My “Ultimate Guide” to shorting UGAZ: Part 1. The dangers

I know it sounds redicalus, it’s supposed to! There is no ultimate guide to anything, just peopleseses beliefs and opinions.

Before I begin, I’ve posted the chart with the measurements here at Tradingview. It can be viewed by anyone, even without an account. Head back to the Notes page to check out the other parts of this series.

So I keep revisiting this idea that I’m going to come up with a smooth, yet profitable way to short UGAZ, the most decaying son-of-a ETF that exists. People say “you gotta have a lot of money to do this, to help cover the cost of going backward on the trade”. This is partly true. A trader is not required to have “a lot of money” to short UGAZ. All that is required is enough money for a margin account. say $2000?

UGAZ is on a list of “hard to borrow” stocks/ETFs. Because UGAZ decays, it is indeed popular to short. When someone short sell shares of an ETF, they must borrow those shares from somewhere in order to sell them on the market. When everyone wants to borrow shares to short them, they become hard to borrow. Some brokers, I would imagine, don’t even deal in hard to borrow. TD Ameritrade only allows hard to borrow shares with $100k in the account, unless you can convince them otherwise. I’ve heard Interactive Brokers or E-Trade are good brokers to go with in order to short leveraged ETFs, such as UGAZ. I have not checked with Schwab or Tradestation yet. I’ll be revisiting this idea over time.

On to the chart

UGAZ on Daily chart, showing 2018

Right off the bat, I want to show the biggest danger I could find to show first. From about mid July to November 14, 2018, UGAZ went up around 427%. This means if you were to short with $1000 position on July 18th, you would need $4270 to keep from being forced out of this position on Nov 14th. On a larger scale, a position that costs $100,000 would require $427,000 to keep from being forced out left with $0 in your account or possibly a negative balance.

With that said, this was the worst case scenario shown for UGAZ. 2019 was a whole different story.

UGAZ on Daily Chart showing mostly 2019 at

If a person shorted UGAZ at the beginning of Jan 2019, which also happens to be the lowest point that UGAZ traded in January. After immediately going backward 76%, UGAZ had one of the best years ever for holding short. Late summer/early fall shows a backward move of 118%. Overall 2019 gained 81% on the short side, trading from beginning to end. I am showing an entry at the lowest point in Jan to be conservative in my estimation. Had someone shorted with a $1000 position ( $1116 needed for the equivalent of 3 shares), they would have needed roughly $2000 to go backward in Jan. If held until today, they would have a gain of $897 or roughly 81%.

To put things in perspective, a person would need anywhere from 2 to 5 times the amount of funding to hang on a UGAZ short position for the long term. This is why “it takes a lot of money to short leveraged ETFs”.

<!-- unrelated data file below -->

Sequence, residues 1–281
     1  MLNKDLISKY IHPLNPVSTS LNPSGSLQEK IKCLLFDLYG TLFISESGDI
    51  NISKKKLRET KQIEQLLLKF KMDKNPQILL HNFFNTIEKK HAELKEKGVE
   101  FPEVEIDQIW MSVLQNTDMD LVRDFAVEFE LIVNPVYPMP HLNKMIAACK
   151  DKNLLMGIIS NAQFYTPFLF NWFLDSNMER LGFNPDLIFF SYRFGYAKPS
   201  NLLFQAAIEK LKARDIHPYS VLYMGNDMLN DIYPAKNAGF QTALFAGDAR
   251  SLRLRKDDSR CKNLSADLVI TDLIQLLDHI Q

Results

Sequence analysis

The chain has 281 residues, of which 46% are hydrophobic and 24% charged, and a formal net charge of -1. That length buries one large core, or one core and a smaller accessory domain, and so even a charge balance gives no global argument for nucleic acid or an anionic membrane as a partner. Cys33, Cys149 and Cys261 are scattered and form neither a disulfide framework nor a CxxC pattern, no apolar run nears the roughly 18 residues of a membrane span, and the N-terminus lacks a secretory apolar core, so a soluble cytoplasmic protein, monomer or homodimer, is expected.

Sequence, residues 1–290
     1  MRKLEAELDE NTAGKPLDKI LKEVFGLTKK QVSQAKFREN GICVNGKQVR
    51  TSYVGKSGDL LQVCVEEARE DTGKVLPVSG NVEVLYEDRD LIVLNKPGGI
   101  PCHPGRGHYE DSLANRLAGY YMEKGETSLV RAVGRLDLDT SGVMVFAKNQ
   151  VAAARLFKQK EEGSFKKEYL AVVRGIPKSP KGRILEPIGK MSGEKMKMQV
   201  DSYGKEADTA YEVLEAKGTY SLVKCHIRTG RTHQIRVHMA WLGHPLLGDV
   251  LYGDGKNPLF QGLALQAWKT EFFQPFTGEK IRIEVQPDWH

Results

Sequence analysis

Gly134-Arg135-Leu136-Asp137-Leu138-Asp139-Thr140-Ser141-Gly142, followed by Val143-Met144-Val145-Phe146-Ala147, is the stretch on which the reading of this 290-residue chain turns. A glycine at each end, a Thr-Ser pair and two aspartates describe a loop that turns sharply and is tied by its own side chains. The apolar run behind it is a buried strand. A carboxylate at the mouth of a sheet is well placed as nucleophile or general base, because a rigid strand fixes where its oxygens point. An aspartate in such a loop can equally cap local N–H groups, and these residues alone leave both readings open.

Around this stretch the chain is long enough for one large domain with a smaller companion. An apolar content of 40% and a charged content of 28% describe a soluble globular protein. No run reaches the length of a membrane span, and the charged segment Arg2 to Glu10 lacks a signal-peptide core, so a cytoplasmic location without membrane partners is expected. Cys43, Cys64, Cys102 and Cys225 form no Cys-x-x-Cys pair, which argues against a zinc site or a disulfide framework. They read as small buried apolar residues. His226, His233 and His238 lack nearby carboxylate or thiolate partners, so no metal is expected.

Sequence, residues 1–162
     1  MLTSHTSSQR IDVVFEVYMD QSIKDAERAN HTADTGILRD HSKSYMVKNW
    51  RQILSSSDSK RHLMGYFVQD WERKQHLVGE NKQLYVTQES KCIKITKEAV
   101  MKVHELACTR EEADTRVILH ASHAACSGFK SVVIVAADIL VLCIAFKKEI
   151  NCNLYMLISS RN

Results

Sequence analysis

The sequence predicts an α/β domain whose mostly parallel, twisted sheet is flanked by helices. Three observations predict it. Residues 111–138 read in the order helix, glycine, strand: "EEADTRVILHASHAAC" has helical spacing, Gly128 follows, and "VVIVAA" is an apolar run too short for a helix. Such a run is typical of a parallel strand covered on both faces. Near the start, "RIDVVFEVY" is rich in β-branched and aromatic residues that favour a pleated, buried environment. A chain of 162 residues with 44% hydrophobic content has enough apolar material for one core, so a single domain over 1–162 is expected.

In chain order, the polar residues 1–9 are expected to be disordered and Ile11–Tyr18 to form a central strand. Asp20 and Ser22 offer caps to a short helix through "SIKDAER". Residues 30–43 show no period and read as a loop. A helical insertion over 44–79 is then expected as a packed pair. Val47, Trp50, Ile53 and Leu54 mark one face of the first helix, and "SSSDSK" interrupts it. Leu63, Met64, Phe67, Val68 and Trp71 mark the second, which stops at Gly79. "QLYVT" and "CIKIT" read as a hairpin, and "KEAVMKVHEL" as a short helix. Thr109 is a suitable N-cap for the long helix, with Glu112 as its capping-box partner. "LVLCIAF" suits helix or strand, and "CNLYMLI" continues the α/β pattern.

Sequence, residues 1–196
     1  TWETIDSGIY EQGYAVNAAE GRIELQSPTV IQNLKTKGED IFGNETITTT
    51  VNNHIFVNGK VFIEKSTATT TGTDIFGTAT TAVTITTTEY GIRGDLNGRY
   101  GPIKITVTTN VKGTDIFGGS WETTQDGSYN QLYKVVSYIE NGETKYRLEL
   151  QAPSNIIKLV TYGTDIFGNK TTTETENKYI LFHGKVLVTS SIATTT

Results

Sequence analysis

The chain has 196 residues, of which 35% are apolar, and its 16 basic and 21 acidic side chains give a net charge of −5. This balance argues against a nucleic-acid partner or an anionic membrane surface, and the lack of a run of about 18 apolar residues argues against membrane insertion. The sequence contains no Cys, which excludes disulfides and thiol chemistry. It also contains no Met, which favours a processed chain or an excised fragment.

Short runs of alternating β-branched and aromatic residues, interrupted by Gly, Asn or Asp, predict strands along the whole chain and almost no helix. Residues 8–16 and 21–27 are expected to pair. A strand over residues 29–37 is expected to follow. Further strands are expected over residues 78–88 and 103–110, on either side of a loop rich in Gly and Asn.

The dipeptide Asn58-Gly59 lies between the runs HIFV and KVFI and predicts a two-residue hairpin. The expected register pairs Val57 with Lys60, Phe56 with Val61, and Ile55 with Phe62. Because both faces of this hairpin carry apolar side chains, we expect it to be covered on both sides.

I’ve looked at the entire history of UGAZ and broken up by year the gains and max backward moves. These numbers are very rough, so do your own analysis if you plan to get serious about shorting UGAZ. I will show the gain for each year and max backward moves. The max backward move may be any time that year. Also my gains are based on the lost start to each year to the lowest end to each year. I’m wanting to just show decay and be conservative in my gains. Better gains stand to be made by being more active with the trading.

  • 2019: 81% Gain – 118% Backward
  • 2018: 25% Gain – 427% Backward
  • 2017: 80% Gain – 73% Backward (118% heading into 2018)
  • 2016: 22% Gain – 172% Backward
  • 2015: 93% Gain – 92% Backward
  • 2014: 79% Gain – 140% Backward
  • 2013: 5% Loss – 147% Backward
  • 2012: 15% Loss – 192% Backward

2012 was not a full year, this was the year UGAZ began trading. I have put a lot of emphasis on the dangers of shorting UGAZ. I will give one of the better scenarios for improving gains; 2012 had the worst year for a buy and hold short. 2012 NG prices were moving from below $2 to above $3.5; a buy and hold short obviously was not the best option. Trading around a core short position may have been a good choice. Keep in mind that prices did move backward in big ways that year, so the danger of getting a margin call are still very real.

UGAZ on Daily chart showing most of 2012 and 2013 at

Last reason why I’m showing the short positioned gains at he bottom of UGAZ. There exists a danger that is worse than making sure there is enough money to hang onto a short position in UGAZ. The shares “borrowed” to short UGAZ belong to someone else who bought them. The broker who loaned them out to will do their best to keep from taking them back, but there is a chance the shares will be taken back without question or warning. The shares can be bought back an any time in order to give them back to the person who needs to sell them on the market. This is most likely going to happen when the price is at a high point. So not only must a position stay funded well enough, it could still be covered at the worst time possible, at the top. Think of it this way, the person who bought those shares of UGAZ, wants to make money and will need them back at some point to sell, preferably when the price is up.

I must be getting old, I forget what I write about, then turn around and write more about the same subject matter. For more emphasis, with better examples, check out Part 1a. To learn how I plan to prevent from catastrophic loss? I’m going to expound on this in Part 2. I’ll leave you to mull over the dangers of shorting leveraged ETFs for now.


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